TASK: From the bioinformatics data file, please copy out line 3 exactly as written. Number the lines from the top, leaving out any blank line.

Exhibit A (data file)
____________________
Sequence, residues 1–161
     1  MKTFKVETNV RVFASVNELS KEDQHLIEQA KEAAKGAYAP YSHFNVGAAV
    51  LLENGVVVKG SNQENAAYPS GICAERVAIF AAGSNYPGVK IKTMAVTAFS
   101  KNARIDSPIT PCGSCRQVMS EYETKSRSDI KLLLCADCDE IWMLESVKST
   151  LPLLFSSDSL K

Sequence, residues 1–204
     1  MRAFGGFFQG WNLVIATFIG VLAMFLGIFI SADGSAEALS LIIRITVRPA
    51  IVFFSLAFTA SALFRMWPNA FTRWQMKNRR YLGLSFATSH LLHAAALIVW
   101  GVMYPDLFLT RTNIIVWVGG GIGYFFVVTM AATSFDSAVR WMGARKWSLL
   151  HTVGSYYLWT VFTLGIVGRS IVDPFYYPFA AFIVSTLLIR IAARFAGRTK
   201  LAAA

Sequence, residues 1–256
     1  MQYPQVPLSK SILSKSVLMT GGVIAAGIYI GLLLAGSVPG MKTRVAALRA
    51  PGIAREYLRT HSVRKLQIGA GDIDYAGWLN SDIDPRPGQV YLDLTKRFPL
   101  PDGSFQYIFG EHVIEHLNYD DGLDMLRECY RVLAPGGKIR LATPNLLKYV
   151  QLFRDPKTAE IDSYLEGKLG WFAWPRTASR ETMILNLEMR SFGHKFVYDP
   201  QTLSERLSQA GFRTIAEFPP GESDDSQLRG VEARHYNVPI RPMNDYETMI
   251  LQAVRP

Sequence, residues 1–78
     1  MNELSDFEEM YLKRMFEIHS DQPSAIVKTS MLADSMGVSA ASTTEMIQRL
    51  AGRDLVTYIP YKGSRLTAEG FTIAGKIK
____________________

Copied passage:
    51  LLENGVVVKG SNQENAAYPS GICAERVAIF AAGSNYPGVK IKTMAVTAFS